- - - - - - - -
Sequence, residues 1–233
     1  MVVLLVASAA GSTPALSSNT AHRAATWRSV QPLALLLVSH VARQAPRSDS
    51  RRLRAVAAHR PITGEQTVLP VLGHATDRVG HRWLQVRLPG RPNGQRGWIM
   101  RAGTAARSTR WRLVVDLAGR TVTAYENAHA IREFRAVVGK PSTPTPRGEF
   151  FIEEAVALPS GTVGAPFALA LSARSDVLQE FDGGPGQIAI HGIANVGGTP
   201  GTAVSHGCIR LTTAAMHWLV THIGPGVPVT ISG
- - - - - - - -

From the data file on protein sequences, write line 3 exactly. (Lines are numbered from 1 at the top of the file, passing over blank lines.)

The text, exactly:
    51  RRLRAVAAHR PITGEQTVLP VLGHATDRVG HRWLQVRLPG RPNGQRGWIM